Even after respiratory symptoms fade, coronavirus victims face danger

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Coronavirus victims are facing a new danger that may occur even after respiratory symptoms fade and infection from the virus clears.

Doctors are beginning to notice a troubling blood-clotting phenomenon, which is occurring more frequently in patients who have the virus. These clots are also being discovered in younger coronavirus patients and can result in sudden strokes or death.

“There’s something about this virus that’s exaggerated that to the nth degree,” said Mitchell Levy, chief of pulmonary critical care and sleep medicine at the Warren Albert School of Medicine, according to Bloomberg. “We’re seeing clotting in a way in this illness that we have not seen in the past.”

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A Resident physician stands outside a room at an Intensive Care Unit on April 20 in New York. Coronavirus victims are facing a new danger that may occur even after respiratory symptoms fade and infection from the virus clears. (AP Photo/John Minchillo, File)

A Resident physician stands outside a room at an Intensive Care Unit on April 20 in New York. Coronavirus victims are facing a new danger that may occur even after respiratory symptoms fade and infection from the virus clears. (AP Photo/John Minchillo, File)

He added that blood clotting is “probably the most important thing that’s emerged over the last perhaps month or two."

Clots may form and damage several types of organs in the body. They include the heart, liver, or in patients’ arterial catheters and filters that support failing kidneys.

However, blood clotting that appears in the lungs is thought to be the most severe in coronavirus patients. It can impede blood flow and impact infected patients who already have difficulty breathing due to the virus -- previously believed to be a typical respiratory disease.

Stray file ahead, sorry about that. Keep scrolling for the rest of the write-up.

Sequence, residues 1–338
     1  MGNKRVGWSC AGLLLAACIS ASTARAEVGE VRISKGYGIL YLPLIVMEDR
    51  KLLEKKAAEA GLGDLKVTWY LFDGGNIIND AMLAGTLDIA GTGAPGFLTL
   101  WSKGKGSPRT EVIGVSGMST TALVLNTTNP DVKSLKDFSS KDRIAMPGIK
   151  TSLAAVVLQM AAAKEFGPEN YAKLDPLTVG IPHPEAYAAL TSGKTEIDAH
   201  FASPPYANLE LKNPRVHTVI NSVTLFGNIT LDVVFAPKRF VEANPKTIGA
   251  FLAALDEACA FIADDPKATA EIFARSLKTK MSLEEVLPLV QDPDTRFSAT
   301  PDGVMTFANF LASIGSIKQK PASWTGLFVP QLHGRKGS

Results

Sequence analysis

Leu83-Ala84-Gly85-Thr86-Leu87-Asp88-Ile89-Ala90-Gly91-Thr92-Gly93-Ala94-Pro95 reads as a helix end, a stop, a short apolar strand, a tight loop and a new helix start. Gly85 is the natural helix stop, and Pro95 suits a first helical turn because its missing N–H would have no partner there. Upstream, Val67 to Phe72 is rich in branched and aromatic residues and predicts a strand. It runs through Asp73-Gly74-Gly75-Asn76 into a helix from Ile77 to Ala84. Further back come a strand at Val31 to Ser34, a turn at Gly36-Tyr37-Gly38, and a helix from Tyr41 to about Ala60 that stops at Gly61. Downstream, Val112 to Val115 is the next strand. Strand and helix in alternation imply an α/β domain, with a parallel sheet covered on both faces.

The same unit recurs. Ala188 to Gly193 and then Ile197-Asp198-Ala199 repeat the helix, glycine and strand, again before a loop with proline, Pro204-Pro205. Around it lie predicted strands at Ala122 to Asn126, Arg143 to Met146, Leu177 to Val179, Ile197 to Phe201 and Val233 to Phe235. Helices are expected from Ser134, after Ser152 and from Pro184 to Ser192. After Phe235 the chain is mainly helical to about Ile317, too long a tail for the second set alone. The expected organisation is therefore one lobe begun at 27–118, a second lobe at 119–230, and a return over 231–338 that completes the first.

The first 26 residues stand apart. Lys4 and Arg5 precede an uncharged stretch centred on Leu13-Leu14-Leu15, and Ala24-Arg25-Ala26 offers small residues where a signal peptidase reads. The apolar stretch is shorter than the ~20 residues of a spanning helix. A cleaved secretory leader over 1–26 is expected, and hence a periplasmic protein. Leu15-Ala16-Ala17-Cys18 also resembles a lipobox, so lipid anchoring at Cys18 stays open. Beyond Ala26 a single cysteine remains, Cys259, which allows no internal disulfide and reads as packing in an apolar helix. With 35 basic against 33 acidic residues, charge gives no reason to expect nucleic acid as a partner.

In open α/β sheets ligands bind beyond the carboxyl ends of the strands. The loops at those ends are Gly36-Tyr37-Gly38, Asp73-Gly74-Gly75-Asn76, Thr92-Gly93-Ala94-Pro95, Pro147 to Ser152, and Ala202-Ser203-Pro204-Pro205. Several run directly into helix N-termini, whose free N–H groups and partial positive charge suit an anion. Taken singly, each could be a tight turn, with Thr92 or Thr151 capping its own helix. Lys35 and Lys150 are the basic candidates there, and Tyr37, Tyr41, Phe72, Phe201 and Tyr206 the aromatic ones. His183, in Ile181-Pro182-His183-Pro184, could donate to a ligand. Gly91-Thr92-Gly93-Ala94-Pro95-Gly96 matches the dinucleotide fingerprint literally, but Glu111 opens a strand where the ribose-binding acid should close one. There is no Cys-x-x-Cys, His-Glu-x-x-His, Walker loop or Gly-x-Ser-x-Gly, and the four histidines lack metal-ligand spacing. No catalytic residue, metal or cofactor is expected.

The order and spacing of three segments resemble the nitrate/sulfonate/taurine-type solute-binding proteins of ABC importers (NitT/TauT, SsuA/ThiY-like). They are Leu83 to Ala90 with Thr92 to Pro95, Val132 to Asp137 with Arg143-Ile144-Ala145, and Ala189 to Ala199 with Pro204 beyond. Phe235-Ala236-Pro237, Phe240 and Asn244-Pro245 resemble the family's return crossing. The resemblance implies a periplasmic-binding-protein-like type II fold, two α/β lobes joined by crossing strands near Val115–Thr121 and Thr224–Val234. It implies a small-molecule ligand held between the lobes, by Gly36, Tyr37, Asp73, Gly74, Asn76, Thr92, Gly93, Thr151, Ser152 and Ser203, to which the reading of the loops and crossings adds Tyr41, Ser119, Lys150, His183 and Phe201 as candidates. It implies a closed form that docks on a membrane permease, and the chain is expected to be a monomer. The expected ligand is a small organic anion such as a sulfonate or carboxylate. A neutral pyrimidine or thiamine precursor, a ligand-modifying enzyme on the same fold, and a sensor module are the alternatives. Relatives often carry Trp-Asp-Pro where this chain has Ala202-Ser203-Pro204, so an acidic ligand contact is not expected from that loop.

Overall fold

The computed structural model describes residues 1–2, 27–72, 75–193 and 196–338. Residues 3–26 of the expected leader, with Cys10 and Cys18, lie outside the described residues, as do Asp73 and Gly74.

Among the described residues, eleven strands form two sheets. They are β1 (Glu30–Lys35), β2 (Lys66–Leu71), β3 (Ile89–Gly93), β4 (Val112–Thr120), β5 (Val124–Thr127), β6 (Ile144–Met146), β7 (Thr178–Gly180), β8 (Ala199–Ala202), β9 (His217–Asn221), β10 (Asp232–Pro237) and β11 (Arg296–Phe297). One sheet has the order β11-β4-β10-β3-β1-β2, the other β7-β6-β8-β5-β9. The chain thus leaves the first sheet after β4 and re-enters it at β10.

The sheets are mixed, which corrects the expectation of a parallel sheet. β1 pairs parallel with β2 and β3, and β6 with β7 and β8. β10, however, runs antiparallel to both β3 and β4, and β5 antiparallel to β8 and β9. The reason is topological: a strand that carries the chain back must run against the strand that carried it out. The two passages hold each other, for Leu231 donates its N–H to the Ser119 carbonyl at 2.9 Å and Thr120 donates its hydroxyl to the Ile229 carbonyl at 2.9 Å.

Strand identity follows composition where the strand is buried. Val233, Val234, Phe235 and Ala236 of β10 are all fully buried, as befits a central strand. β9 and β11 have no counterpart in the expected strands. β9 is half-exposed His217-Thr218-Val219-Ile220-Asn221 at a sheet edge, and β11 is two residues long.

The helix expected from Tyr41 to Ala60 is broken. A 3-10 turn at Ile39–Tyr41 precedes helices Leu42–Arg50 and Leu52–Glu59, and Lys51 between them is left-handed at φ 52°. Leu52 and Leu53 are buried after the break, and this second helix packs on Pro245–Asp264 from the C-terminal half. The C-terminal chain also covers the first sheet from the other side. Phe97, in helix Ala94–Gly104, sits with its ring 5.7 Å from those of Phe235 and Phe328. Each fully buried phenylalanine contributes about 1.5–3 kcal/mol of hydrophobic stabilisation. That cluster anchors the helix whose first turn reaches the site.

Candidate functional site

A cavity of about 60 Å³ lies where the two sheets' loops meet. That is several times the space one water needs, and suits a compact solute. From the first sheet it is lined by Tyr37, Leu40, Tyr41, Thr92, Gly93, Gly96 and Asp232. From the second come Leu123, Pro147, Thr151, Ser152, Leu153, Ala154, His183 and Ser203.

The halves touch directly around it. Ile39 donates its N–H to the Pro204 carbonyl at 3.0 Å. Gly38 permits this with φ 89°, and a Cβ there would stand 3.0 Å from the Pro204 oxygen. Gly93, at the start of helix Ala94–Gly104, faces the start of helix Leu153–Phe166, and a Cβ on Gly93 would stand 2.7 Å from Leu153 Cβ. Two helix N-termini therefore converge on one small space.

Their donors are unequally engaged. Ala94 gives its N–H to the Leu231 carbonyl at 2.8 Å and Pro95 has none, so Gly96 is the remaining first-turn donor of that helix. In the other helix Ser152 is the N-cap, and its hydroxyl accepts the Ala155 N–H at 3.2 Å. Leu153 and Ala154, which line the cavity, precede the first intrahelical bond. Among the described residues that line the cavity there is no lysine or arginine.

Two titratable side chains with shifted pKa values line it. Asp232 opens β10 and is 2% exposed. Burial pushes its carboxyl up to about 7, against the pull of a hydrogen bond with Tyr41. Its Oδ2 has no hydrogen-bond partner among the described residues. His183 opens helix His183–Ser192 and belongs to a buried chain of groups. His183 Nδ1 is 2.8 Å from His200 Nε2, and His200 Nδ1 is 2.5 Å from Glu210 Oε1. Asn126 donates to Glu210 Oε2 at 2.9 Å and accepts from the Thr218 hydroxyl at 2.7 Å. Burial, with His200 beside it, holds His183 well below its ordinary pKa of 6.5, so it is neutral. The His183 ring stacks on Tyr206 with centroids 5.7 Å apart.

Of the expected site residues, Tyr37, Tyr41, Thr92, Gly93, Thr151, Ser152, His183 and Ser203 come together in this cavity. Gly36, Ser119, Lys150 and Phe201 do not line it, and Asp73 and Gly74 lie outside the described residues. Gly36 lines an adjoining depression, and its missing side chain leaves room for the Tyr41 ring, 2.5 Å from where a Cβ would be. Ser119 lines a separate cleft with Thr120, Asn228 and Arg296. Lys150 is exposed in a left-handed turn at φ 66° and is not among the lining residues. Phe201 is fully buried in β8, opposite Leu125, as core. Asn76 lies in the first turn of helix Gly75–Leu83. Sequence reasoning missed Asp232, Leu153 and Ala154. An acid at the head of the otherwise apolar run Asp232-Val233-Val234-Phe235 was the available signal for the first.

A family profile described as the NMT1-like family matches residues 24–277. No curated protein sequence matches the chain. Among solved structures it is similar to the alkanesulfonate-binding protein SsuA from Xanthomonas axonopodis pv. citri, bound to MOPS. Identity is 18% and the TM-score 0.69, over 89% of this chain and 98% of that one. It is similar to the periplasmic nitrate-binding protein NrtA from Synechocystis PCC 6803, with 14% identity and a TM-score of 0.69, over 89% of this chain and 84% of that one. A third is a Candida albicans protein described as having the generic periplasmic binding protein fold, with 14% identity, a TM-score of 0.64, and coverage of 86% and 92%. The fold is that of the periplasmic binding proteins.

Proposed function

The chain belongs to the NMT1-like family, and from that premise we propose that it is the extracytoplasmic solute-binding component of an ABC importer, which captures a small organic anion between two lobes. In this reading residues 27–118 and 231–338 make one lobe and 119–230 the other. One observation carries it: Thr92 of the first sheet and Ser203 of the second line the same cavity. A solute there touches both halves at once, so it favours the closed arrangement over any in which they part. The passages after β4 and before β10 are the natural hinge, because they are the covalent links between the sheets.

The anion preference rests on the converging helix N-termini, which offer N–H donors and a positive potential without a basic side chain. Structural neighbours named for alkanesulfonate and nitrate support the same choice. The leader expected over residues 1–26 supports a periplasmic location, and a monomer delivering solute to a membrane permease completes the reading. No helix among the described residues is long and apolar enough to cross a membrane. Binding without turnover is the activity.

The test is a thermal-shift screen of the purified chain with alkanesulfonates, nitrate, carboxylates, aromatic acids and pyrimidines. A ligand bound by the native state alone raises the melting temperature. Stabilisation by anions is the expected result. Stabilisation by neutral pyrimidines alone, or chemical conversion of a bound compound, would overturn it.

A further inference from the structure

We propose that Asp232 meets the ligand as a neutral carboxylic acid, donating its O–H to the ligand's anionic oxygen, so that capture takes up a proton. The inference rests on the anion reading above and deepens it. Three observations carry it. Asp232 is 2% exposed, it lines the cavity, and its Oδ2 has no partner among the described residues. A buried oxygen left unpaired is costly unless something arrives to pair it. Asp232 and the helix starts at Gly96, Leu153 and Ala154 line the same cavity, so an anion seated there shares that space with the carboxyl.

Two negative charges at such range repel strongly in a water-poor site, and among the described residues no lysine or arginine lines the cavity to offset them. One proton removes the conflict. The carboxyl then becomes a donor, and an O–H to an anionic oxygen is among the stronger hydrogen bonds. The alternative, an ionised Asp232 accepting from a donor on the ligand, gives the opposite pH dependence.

Margaret Pisani, an associate professor of medicine at the Yale University School of Medicine says clots in the lungs are likely what’s causing coronavirus patients who may appear well to suddenly “fall off the ledge” and develop a blood-oxygen deficiency, the paper reported.

Doctors had previously attributed lung damage to pneumonia, but they are now looking at clotting as well.

Dr. Hooman Poor, a lung specialist at Mount Sinai Hospital in New York, noticed blood was not flowing well through the lungs of 14 patients on ventilators, which he determined was due to clotting.

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"I feel like all these patients have blood clots in their lungs," Poor said last month, according to the Reuters.

A report in the New England Journal of Medicine last week found that five people between the age of 33 to 49 who had strokes, also tested positive for the coronavirus. They were all treated for large-vessel blockages.

On April 13, a study published by researchers in the Netherlands found that 31 percent of intensive-care unit coronavirus patients they observed had a complication associated with clotting. The study described the findings as "remarkably high."

The large arterial lung clots can also put an overwhelming strain on the heart, which may result in cardiac arrest. Clotting may also disrupt blood flow for coronavirus patients on ventilators, said Edwin van Beek, chair of clinical radiology at the University of Edinburgh’s Queen’s Medical Research Institute, according to Bloomberg.

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“That’s quite frightening when you think of it because we didn’t know what we’re up against until we were in a later stage," Frank Rasulo, a physician in neurocritical care in Italy told the paper.